It’s been ten years since we started working on a style that has become our unique trademark. It's been twelve years since The Earl Brothers started working on a style that has become their unique trademark, “Outlaw Hillbilly Music”. The Earl Brothers have received an overwhelmingly enthusiastic response from music-lovers far and wide. In the October, 2010 issue of Bluegrass Unlimited, a feature article named band leader Robert Earl Davis “The Hillbilly Hero”.
In the 1970s, The Ramones tore Rock and Roll down to its primitive components and built it back up again to make a raw, urgent, original music. The Earl Brothers have done the same with Bluegrass. Their gritty, mournful songs recall ancient honky-tonks, and Southern back roads with a unique edgy directness. Their music forgoes the softer contemporary acoustic sound of many modern day Bluegrass bands. The band’s “less is more” approach to songwriting, singing, and musicianship is, direct, simple, and yet somehow different from everything else.
If you have time to leave a comment we'd love to hear from you.
"THE EARL BROTHERS HAVE GOT THE SOUL AND THE SONGS AND THE ATTITUDE THAT BROUGHT US ALL INTO BLUEGRASS MUSIC IN THE FIRST PLACE.THEIR SONGS CRY OF THE MOUNTAINS, OF THE PEOPLE AND OF THE TRADITIONS DOWN THROUGH THE AGES.
BLUEGRASS IS ALIVE AND WELL."
Pioneer of the genre known as “Country Rock”.
Worked with such notable bands as The Byrds,
The Flying Burrito Brothers and the Desert Rose Band.
As a promoter of Traditional Bluegrass, I have grown to respect "The Earl Bros" very much. Great songwriting,excellent picking,& a sound all they're own. This is true "Gravel & Grit" Bluegrass. I want them back soon!!
B.K.Prod's Bluegrass Shows
Quote from Wikipedia, online encyclopedia, for the definition of Bluegrass Music;
It could be argued that a fourth generation of bluegrass musicians is beginning to appear, marked by a high level of technical skill demonstrated. Although it is too soon to see definite trends, the most notable fourth generation musician to emerge so far is probably Chris Thile, who released solo bluegrass albums at age 13 and 16 (Leading Off and Stealing Second), respectively), before reaching wider fame as a member of the bluegrass-influenced acoustic band Nickel Creek. Recently, however, Thile's claim to the throne of bluegrass "prince" has been challenged by Josh Pinkham, a Florida teenager who performed at "Merlefest" only 18 months after picking up a mandolin.
Other notable recent bluegrass bands are The Earl Brothers, who fuse a traditional sound with innovative songwriting and lyrics atypical for bluegrass, and Colorado's Open Road, a traditional-sounding band with strong original material”.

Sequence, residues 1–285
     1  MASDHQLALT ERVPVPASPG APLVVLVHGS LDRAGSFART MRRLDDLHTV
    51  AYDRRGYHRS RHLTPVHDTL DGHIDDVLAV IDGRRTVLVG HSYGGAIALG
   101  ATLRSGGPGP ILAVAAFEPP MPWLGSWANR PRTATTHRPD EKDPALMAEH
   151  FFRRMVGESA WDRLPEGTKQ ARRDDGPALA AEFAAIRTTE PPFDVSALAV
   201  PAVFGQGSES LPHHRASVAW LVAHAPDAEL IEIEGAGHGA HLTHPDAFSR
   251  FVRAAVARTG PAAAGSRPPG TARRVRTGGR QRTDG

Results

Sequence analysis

"The only thing to say about traditional bluegrass at it's best is.... THE EARL BROTHERS. Their modern writing style is combined with their traditional vocals and music. They have captured, in my opinion, the best sound bluegrass can offer. As soon as we started playing their music on WDVX, they went straight to #1 on our playlist. With bands like the Earl Brothers in the Bluegrass Circuit, the music that Bill Monroe created years ago will stay in good hands! In my opinion, the Earl Brothers will continue to create traditional bluegrass all over again."
- Alex Leach, WDVX Radio, Knoxville TN.
"...Call it deep-Stanley if you will, or Blue Sky Boys meet Hank Williams, or music dropped out of a time machine built in 1945 and heading pastward, yet inexplicably ending up in 2004. Whatever. This is some of the most gut-wrenching, unapologetically backward-looking, barely bluegrass (albeit purely bluegrass), music you will ever hear."
Staff Writer - Bluegrass Works Magazine
" A GREAT NEW SOUNDING BAND WITH HIGH-LONESOME QUALITIES THAT HAVE NOT BEEN HEARD SINCE
THE RECORDINGS OF THE RURAL MOUNTAIN BANDS OF THE 40'S. MY AUDIENCE LIT UP ALL FOUR PHONE
LINES IN THE STUDIO UPON HEARING THEIR MUSIC. KEEP UP THE GOOD WORK.
CKUT 90.3 FM
"...The Earl Brothers meld the mountain music of the 40's & 50's to the sounds of bluegrass today without sounding like every other new band to come down the pike. In a word, I would simply call their style 'refreshing'... less really is 'more'..."
Former President of Oregon Bluegrass Association
KRVM / 91.9 FM
"...Man, every time I hear them I want to grab the closest beer bottle and hurl it into the far wall... They've got the sound, the drive, the feeling we've been missing out here all these years! My HIGHEST recommendation!"
"Pig in a Pen" KPFA-FM / 94.1 FM
"A rickety old steam engine rhythm, rough ole hollerin' pitiful, sad singing,
three layers of what sounds like a bunch of acoustic bluegrass whammy bars,
throw an occasional old metal hubcap down the track, that's the sound of the
Earl Brother's collection of songs called "Whiskey, Women and Death". No
Nashville, slicked-up, cookie cutter Bluegrass here, it's real, and it
Amy Campbell, 89.9 fm WDVX Radio, Knoxville, Tennessee.
"...Both in composition and delivery, these guys somehow manage to capture the hauntingly soulful yet somehow uplifting sound of a far away time, which ensures they'll be around for a long time to come. We northern Californians have lots to be proud of in the Earl Brothers..."
Chairman of the Board - California Bluegrass Association